He's 29 years old. Injured though he may have been, his stint with the Grizzlies only ended because of a behavioral issue, not because of an on-court problem. I give Larry Brown all the credit in the world for taking chances on guys who have supposed behavior problems, because most of the time, I suspect said problems are more an issue of fans feeling bad (causing management to panic) than actual problems between teammates.
When Miles did play recently with the Grizzlies he picked up right where he left off in 2005-06, and in some ways was better. Granted, it was in under 300 minutes, two seasons ago. The problem with him is that everyone thought he was going to be Tracy McGrady or Kevin Garnett, when all along he was more like Stephen Jackson. Had Miles been drafted in the second round, he might not be getting these chances, but then again, he might not have been saddled with crushing expectations from the outset. The fact remains that he was drafted third overall because he was a superb athlete, and he's getting these chances because decision-makers see his body's potential.
What kind of player is he, anyway? In short, think of him like Jax, but with PF/SF swing abilities instead of SG/SF. He used to soak up offensive possessions when he shouldn't have. His career PER is below average because of one monumentally poor season with Cleveland and his final season in Portland. The rest of the time, he hovered around average, and as he got older was showing some signs of gradual improvement.
More relevant to the Jax comparison, though, is that it looks like Miles was a very good defensive player his entire career. We don't have +/- for his Clippers years, but Basketball-Reference and 82Games both agree that he was a disaster in Cleveland and something of a revelation in Portland. In fact, he may have been the Trail Blazers' best player in 2004-05, coming off the bench for a team that went 27-55. A lot of that had to do with his defense, as Miles simply doesn't have the skill to shoot or get to the rim particularly effectively, but his length and quickness did seem to translate to the defensive end. Think Jamario Moon with somewhat better overall offense.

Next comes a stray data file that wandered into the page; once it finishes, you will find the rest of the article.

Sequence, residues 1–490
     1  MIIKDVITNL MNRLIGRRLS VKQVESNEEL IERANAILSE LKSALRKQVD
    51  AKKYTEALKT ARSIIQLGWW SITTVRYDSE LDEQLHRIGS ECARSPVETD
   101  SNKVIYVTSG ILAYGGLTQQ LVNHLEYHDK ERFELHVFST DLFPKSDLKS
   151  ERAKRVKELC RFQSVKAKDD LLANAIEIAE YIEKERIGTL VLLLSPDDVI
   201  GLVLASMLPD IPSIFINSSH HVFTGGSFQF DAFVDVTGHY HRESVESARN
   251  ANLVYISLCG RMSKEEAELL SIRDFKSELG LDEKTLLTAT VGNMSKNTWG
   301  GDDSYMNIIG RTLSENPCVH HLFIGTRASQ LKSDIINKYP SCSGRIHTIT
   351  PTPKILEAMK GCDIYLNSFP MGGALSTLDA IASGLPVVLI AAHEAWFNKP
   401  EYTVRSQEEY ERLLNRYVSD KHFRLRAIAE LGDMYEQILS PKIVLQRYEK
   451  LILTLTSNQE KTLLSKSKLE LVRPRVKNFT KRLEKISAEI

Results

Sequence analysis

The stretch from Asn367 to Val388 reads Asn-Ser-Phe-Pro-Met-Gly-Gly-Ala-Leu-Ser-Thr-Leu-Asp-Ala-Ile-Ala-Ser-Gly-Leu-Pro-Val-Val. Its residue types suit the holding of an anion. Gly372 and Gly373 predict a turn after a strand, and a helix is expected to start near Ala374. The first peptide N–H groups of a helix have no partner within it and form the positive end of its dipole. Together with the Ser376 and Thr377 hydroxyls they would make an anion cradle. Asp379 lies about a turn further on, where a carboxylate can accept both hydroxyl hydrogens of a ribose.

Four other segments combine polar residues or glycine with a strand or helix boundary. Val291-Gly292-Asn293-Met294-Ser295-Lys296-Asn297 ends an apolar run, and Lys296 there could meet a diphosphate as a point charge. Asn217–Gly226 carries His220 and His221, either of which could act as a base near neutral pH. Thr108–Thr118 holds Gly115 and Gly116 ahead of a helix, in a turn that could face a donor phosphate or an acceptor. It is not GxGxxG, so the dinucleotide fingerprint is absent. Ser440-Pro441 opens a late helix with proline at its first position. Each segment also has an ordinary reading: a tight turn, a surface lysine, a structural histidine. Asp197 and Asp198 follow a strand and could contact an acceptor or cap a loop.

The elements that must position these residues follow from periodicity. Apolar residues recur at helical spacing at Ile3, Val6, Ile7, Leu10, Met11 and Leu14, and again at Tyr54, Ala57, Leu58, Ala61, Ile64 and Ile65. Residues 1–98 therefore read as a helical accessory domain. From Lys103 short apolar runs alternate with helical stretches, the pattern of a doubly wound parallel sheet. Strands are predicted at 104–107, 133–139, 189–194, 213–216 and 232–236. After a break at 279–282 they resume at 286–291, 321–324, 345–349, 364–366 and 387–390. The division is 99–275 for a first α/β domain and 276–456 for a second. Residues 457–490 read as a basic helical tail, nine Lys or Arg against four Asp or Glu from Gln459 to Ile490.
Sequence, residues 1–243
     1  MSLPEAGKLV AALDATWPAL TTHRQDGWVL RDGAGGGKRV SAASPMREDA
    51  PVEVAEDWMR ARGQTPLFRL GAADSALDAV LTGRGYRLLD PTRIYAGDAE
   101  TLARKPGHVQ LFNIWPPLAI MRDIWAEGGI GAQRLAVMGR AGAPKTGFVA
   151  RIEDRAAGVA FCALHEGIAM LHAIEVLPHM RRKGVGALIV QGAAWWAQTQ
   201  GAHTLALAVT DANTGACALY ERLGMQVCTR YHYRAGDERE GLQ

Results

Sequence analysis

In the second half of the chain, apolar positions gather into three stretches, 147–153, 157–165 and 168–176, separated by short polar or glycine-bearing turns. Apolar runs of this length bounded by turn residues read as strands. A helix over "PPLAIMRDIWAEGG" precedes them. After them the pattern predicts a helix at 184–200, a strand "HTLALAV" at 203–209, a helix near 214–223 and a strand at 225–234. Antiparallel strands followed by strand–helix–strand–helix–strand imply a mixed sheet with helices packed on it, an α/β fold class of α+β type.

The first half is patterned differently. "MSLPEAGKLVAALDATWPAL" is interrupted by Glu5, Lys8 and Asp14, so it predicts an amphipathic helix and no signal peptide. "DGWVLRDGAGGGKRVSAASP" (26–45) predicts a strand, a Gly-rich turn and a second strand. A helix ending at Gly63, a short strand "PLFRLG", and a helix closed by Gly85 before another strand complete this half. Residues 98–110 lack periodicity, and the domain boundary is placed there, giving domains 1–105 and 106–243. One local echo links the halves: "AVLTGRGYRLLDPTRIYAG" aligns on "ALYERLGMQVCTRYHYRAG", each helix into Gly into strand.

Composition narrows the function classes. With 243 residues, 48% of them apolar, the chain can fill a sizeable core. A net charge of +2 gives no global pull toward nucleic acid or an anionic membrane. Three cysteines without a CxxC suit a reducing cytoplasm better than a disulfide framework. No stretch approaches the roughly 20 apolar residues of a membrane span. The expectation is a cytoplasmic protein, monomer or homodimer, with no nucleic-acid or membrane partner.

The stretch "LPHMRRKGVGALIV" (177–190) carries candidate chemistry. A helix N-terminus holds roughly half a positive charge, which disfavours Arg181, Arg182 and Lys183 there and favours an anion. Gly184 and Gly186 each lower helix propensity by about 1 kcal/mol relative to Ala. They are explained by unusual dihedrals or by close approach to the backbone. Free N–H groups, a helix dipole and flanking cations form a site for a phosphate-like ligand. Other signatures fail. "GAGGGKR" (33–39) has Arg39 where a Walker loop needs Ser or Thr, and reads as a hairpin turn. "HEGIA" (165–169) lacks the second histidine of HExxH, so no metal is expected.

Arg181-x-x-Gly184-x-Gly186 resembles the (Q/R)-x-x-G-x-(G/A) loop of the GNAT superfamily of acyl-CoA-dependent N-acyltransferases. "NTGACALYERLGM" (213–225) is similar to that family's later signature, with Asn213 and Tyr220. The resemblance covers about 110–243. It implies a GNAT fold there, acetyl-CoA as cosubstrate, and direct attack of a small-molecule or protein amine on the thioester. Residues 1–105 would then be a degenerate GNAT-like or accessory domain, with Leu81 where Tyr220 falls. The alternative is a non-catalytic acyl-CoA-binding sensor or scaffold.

At this stage of his career, there's no way any team should hand him a rotation spot, and his knee should be thoroughly checked out. However, I wouldn't be surprised at all if Miles signed with the Cats and became a solid rotation player. In a best-case scenario for Miles, this squad would be Don Nelson-ized with a Larry Brown twist. Imagine a lineup of, say, Shaun Livingston, Stephen Jackson, Gerald Wallace, Tyrus Thomas, and Tyson Chandler, with Boris Diaw, D.J. Augustin, Gerald Henderson, and Miles coming off the bench. Augustin's the only one you'd call a real shooter, but everyone but Chandler can step out of the lane to shoot. Everyone but Chandler can put the ball on the floor. Everyone but Augustin and Diaw is supposedly a plus defender, and Diaw's not bad at all... It's unlikely, and there are better ways to build a winning team, but that might be the most exciting path to take.